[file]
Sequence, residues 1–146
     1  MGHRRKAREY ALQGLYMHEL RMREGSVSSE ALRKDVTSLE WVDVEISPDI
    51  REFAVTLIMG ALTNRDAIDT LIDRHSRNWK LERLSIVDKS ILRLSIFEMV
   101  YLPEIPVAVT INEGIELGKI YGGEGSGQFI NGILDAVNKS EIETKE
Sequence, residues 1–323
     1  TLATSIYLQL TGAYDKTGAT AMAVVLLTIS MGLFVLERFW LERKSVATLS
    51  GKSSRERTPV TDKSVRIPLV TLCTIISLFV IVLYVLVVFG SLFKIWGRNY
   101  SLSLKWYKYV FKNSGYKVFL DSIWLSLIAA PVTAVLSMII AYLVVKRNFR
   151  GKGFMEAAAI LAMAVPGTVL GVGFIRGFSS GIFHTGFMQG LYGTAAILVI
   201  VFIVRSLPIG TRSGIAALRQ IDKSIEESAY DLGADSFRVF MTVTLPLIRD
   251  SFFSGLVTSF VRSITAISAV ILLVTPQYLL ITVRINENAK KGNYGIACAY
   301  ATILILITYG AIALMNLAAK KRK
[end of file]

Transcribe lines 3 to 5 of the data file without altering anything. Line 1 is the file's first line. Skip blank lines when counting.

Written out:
    51  REFAVTLIMG ALTNRDAIDT LIDRHSRNWK LERLSIVDKS ILRLSIFEMV
   101  YLPEIPVAVT INEGIELGKI YGGEGSGQFI NGILDAVNKS EIETKE
Sequence, residues 1–323